Nickel, cobalt price: Electric car sales are tanking, but metal use spikes

Core logging at Dumont, the world’s largest undeveloped cobalt and nickel sulphide reserve. Image: RNC Minerals

The global auto industry will produce 88.8 million cars and light trucks this year, an almost 6% drop from a year ago, according to researcher IHS Markit, quoted by Bloomberg News.

Electric cars have been a bright spot, but due to a cut in subsidies, China’s automobile manufacturing industry body recently said fewer new energy vehicles (NEVs as they are termed domestically which includes battery-powered and hybrid vehicles) could be sold this year than in 2018. China produces more than half the world’s electric cars and the drop compares to sales growth of more than 60% last year.

A new report by Adamas Intelligence, which tracks the battery capacity of electric vehicles sold around the world, adds another pain point for the industry.

Cobalt has continued to outperform the market due to the rising popularity of cobalt-bearing NCM cathode chemistries in China

The global sales-weighted average passenger EV’s battery capacity, a metric that has risen sharply in recent years, increased by a mere 0.5% in October 2019 versus October 2018 as battery electric vehicles (BEVs) sales have continued to bear the brunt of the market’s slowdown since mid-year.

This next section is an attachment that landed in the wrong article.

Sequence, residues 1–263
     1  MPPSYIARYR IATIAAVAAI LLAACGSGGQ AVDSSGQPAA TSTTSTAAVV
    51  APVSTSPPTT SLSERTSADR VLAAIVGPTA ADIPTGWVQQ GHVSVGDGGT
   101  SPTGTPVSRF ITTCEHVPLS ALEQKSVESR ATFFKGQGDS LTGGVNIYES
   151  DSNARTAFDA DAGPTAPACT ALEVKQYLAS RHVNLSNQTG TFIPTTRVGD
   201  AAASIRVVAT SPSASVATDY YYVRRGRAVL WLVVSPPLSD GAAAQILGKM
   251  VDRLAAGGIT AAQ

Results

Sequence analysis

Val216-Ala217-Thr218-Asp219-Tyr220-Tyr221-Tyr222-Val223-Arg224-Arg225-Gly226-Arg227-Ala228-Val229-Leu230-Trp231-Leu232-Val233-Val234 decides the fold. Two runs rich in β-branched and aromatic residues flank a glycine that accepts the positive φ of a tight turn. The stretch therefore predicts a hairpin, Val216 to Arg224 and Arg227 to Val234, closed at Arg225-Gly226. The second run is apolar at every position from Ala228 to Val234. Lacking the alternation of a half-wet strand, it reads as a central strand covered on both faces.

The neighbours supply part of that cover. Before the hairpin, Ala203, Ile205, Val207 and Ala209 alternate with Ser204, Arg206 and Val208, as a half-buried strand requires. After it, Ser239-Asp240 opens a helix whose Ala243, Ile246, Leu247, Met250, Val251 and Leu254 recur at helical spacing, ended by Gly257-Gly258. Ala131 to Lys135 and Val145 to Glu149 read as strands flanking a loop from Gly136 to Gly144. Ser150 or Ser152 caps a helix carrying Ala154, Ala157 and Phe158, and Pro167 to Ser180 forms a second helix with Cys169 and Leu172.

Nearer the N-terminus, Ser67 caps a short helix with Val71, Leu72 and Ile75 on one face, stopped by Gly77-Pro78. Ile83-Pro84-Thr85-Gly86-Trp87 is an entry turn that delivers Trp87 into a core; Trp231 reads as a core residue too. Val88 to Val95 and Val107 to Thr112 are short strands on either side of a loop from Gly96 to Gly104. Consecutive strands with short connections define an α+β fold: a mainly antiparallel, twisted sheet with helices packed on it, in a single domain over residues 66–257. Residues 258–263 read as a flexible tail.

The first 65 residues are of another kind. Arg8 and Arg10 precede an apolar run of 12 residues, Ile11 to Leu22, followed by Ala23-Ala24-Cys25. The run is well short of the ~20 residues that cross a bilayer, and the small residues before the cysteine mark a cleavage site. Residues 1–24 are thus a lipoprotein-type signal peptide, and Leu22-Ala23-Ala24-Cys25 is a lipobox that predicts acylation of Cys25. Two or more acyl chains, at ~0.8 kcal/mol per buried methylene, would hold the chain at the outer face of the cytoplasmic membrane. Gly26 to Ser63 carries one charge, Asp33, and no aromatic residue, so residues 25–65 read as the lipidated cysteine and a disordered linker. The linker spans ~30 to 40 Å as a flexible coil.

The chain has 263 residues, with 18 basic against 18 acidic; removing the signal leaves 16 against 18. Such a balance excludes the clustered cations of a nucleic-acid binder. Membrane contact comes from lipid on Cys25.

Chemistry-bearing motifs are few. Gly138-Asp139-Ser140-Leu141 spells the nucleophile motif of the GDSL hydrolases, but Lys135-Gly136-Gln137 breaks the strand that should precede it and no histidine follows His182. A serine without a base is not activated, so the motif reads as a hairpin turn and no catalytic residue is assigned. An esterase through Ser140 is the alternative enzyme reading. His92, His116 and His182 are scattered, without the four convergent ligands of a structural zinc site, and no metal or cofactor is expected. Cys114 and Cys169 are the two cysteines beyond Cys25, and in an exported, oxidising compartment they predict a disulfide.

A bright spot for the mining industry, however, is the fact that the average nickel, cobalt and manganese use per EV battery continues to rise despite weakening market conditions, according to Adamas.

In October 2019, the average EV sold globally contained 22% more nickel, 19% more cobalt and 15% more manganese than the same month last year, helping suppliers offset the broader slowdown in EV sales and average battery capacity growth globally:

Overall, nickel has continued to outperform the market due to the ongoing shift from low-/no-nickel cathode chemistries, such as LFP and NCM 111 [equal parts nickel-cobalt-manganese], to higher-nickel varieties, such as NCM 523, 622, 811, as well as the latest generation of NCA used in the Tesla Model 3.

Additionally, cobalt has continued to outperform the market due to the rising popularity of cobalt-bearing NCM cathode chemistries in China, which continue to glean market share from the once-ubiquitous (and cobalt-devoid) LFP cathode alternative.

And in similar fashion, manganese has continued to outperform the market due to the ongoing shift in China from manganese-devoid (or manganese-minimal) cathode chemistries, such as LFP, to higher-manganese varieties, such as NCM 111, 523, 622 and 811.

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